Letter from Cllr Robin Parker CC to the Comet.
Your news story ‘Proportional representation? It’s not for us’ on page 7 of the Stevenage Comet for 16.10.2014 makes some factual errors and needs correcting. From the report, it is clear that your reporter at the meeting either did not understand what was said, or does not understand proportional representation, or both.
Your report wrongly claims that the Liberal Democrat group voted against proportional representation, and that the Liberal Democrat and Conservative groups have been unable to form a coalition.
The report was about a vote at the full meeting on 8 October of Stevenage Borough Council (SBC), where the large Labour majority imposed upon the two equal sized opposition Conservative and Liberal Democrat parties a new, untried and unprecedented system for choosing who should be the Leader of the Opposition when the opposition groups have equal numbers of councillors – a situation which has now happened on six occasions since the most recent all-out election in 1999. They forced through a system in which the Leader of the Opposition will be decided by which party gets the biggest percentage of votes across the borough.
Effectively, this hands the post mostly to the Conservatives, and is anything but proportional representation. That is one reason why the Liberal Democrats spoke and voted against it.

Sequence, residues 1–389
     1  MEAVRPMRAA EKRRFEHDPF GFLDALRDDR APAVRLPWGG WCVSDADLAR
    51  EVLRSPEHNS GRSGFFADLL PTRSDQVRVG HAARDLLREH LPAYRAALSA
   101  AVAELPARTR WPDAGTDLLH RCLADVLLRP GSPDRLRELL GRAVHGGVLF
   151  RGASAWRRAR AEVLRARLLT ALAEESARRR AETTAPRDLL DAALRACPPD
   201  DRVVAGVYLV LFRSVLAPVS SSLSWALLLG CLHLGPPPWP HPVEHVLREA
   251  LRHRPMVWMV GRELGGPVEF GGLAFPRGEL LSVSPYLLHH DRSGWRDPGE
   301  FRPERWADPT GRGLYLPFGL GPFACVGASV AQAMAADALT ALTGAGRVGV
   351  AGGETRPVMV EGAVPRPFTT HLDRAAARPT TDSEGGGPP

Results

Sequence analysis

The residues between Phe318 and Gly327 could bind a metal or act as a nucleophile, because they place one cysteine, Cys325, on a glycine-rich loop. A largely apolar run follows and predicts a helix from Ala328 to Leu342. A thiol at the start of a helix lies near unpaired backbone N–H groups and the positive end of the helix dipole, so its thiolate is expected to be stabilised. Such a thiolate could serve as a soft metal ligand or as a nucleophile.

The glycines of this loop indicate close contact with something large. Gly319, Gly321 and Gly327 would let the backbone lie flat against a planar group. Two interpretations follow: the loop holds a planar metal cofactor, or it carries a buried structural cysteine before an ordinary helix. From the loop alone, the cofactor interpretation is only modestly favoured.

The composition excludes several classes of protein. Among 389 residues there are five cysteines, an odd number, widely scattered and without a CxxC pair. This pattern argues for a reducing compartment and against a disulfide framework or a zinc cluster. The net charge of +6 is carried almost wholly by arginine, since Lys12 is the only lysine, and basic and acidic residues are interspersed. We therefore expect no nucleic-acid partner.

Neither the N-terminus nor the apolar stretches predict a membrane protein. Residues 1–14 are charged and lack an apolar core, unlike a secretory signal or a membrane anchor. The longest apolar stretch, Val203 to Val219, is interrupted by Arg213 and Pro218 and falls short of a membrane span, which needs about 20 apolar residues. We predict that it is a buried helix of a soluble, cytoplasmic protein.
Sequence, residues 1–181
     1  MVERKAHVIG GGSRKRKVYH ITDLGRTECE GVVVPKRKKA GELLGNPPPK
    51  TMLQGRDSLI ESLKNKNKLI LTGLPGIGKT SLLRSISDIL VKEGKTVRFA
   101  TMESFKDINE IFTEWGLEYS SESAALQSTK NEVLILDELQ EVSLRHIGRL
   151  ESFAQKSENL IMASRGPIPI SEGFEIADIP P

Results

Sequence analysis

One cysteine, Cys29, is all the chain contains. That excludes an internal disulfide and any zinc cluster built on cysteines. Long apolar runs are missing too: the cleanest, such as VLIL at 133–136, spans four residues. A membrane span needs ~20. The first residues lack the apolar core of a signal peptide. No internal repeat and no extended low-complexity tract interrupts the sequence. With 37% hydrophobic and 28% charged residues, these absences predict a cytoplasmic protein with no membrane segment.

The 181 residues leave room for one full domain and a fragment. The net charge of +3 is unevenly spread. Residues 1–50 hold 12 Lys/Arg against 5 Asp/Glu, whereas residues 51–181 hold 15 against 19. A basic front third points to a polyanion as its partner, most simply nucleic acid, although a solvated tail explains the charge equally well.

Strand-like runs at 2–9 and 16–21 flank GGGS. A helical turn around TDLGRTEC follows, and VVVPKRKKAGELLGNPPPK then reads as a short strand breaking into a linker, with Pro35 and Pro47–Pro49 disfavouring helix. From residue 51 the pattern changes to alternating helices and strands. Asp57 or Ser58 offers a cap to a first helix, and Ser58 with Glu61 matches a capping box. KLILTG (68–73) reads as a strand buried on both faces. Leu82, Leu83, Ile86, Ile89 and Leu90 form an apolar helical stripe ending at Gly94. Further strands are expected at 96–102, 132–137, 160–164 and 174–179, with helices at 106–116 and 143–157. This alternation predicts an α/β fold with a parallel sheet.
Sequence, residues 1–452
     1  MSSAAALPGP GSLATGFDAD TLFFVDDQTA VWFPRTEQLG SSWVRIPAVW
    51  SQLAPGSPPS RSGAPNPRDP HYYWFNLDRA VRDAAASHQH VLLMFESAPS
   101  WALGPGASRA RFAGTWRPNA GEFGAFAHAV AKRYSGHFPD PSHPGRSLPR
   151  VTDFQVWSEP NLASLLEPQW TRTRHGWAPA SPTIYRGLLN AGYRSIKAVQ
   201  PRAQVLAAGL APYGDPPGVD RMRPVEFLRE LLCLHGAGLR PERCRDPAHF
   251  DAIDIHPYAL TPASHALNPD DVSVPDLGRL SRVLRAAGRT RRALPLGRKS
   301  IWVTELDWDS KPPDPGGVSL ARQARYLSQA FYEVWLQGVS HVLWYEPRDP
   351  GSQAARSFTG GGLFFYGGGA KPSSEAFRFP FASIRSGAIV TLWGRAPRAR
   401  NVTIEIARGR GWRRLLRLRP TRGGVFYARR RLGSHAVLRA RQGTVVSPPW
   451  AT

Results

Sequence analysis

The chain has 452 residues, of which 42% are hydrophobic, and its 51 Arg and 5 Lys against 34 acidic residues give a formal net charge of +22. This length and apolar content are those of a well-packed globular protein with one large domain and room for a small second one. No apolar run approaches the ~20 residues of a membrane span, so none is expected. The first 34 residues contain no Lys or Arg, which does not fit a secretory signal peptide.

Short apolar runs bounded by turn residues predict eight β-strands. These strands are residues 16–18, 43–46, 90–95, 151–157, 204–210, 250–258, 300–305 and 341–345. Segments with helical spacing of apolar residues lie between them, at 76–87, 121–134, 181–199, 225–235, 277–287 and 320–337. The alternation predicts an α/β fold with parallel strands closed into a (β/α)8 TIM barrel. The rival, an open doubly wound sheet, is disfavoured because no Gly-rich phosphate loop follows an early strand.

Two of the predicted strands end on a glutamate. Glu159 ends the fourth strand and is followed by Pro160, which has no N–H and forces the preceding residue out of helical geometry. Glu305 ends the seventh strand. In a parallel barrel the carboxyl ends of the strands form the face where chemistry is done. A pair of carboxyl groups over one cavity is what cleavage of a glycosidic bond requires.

Also, it fails to take account of things like by-elections or multiple vacancies in one or more wards, all of which have happened often.
It is important to make clear that there has never been any question of a coalition between the two opposition parties at SBC and it was not mentioned at the meeting, so I cannot imagine where this fiction came from.
I suggested – as I have for many years – a better system whereby if the voters have said that they want two equal sized opposition groups, then that is what they should have. They clearly want there to be two opposition groups with equal status and rights and therefore two Leaders of Opposition Groups. I have provided the detail of suggested changes to the council’s constitution whereby the voters’ wishes could easily be achieved, without adding to the length of meetings or complexity of the council’s structure. Other possibilities were also voted down by Labour, like sharing the role (as is being done until May 2015, under a temporary arrangement worked out by the two opposition groups) – which would have been a form of proportional representation.
In a classic example of Labour’s philosophy of ‘one size fits all’, the Labour majority seem to be unable to cope with the idea of two equal leaders of opposition groups and insist on reverting to their usual comfort zone, where they have to deal with only one. It really is time that Labour realized that we have been in an increasingly multi-party world for many years and that the cosy, two party days of the 1950s are unlikely to return.
It is easy to see why Labour prefer a Conservative opposition to a Liberal Democrat one. At the full council meeting where this issue was debated, on 8 October, none of the 3 Conservative councillors were present, whereas all 3 Liberal Democrats were there. We each spoke many times, asking 3 formal questions and, as usual, raising many other points, thus continuing our role as the main and effective opposition in Stevenage, as we have been doing since 1981.